Motor Cycle Crime……………..Don’t become a victim!

 

Ennis and Wheaver are back again, as guest bloggers, this time around talking about motorcycle crime….read on if you own or are thinking of owning a motorcycle to learn how to protect yourself from becoming a victim……

Just to introduce ourselves, we are commonly known as TB 97 and TB 98, 2 motorcyclists currently with the Road Harm Reduction Team, as part of the CMPG family based at Perry Barr. We are both trained to a national standard, in the identification of stolen vehicles.

 

Our main focus within the team is the prevention and detection of stolen and cloned vehicles, with the aim to prevent dangerous and sometimes fatal incidents of driving, by depriving the criminals the vehicles in the first place.

 

Motorcycling in the UK has had a large enthusiastic following in the UK for many years, in recent years there has been a rise in criminal activity around motorcycles which has had a negative effect for law abiding motorcycle riders, society in general and the motorcycle industry.

 

Very loosely, and not exclusively the criminal activity can be broken down into the following areas.

  • Theft of machines
  • Subsequent sale of stolen machines ( cloning)
  • Breaking and subsequent sale of parts  within UK and abroad
  • Finance and insurance fraud
  • Antisocial use and criminal activity using motorcycles

There are strong links between all of the above, criminals will often branch out into other areas in order to maximise profits.

 

Thanks to the technology available to us all, the world has become an accessible market place to willing customers with cash to spend, a distinct lack of due diligence when purchasing items off the internet  will often be in the favour of criminal gangs.

 

Social media has also had its part to play in fuelling anti-social use of machines, video clips of antisocial and dangerous riding can give the riders a real sense of celebrity, with thousands watching on line and subsequently carrying out copycat behaviour.

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Events are advertised on social media, with some organisers even going as far as to sell clothing and other branded goods, riders are buying in to a lifestyle choice with a degree of notoriety thrown in for free!

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What is very evident is that many of the bikes used for anti-social behaviour, dangerous riding  and criminal activity are not purchased via legitimate sources, it goes without saying that if you have to work hard to save for the machine of your dreams, the chances are you are not going to want to damage it. Easy come easy go springs to mind!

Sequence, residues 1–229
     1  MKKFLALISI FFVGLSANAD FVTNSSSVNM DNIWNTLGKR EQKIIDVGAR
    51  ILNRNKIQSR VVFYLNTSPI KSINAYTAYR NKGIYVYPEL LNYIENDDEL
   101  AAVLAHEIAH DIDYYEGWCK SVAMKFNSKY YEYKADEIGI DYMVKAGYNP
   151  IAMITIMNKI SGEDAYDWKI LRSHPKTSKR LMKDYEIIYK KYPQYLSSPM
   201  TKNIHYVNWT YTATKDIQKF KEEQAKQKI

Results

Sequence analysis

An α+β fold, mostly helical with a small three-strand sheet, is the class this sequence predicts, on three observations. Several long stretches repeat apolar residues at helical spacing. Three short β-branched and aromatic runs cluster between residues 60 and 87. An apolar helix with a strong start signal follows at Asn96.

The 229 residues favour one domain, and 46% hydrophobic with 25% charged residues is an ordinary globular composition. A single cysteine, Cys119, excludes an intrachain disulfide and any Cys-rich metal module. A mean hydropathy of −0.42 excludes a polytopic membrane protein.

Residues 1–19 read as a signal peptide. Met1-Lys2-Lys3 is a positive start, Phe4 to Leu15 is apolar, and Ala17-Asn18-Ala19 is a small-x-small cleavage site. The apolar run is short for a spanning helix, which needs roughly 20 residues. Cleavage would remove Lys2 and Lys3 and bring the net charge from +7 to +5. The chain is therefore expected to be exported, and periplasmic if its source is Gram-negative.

Perceptions on Police Pursuit Policy are steeped in rumour, incorrect interpretations and untruths, it is not correct to say that if you don’t wear a helmet or ride on the footpath, the Police will not pursue, many of the riders believe they are in a win/ win situation, they have an overestimation of their skills and abilities and a belief that they are above the law.

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It goes without saying that officers have to strike a balance, yes they want to apprehend offenders but not at all costs, innocent members of the public must be protected from the thoughtless and dangerous actions of a small minority, there are several tactical options including the use of stinger and DNA sprays to identify offenders and remote aerial monitoring with high quality video capability.

 

Antisocial, dangerous, illegal riding and criminal behaviour will not be tolerated.

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In the UK in 2017 there were around 27k thefts of machines; both on road and off road, a large percentage of these machines are never recovered.

 

Many of the thefts relate to the London area, not surprising due to the amount of machines used for commuting, many of the London thefts relate to smaller machines and scooters, but the issue is not exclusive to London, the whole of the UK is victim to this area of vehicle crime.

 

By their very nature, motorcycles are an attractive proposition to criminals, they are easy to steal if left unattended and insecure, poor physical security and a lack of social awareness can make motorcycle theft a high gain low risk occupation, with financial restraints imposed on Police forces, this area of crime may not be high on Police Chiefs agendas.

 

In Birmingham, August 2017, Police Officers attend an area known to be used by commuting motorcyclist and over a period of two weeks noted which motorcycles were parked in the allocated parking bays, this was also an area where motorcycle thieves were known to operate.

 

What was discovered was that many of the motorcycles had little or no security devices fitted, only 40% of the bikes had any meaningful security, some of the machines did not even have the steering lock activated, one had the keys in the ignition and even removable items such as sat- navs were left in plain view.

 

Evidence from officers and CCTV showed that machines were being selected by criminals and then were ped- pushed away, a method where two thieves arrive on a high powered scooter and, then simply push the machine away by the rider of the scooter placing his foot on the rear footrests of the selected motorcycle and using the scooter to power both machines away. The machines can be pushed to a location some distance away or loaded into a van, out of view.

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The criminals were able to have their choice of machines with faces covered to hide from CCTV, no security to slow them down and no social interventions from the public.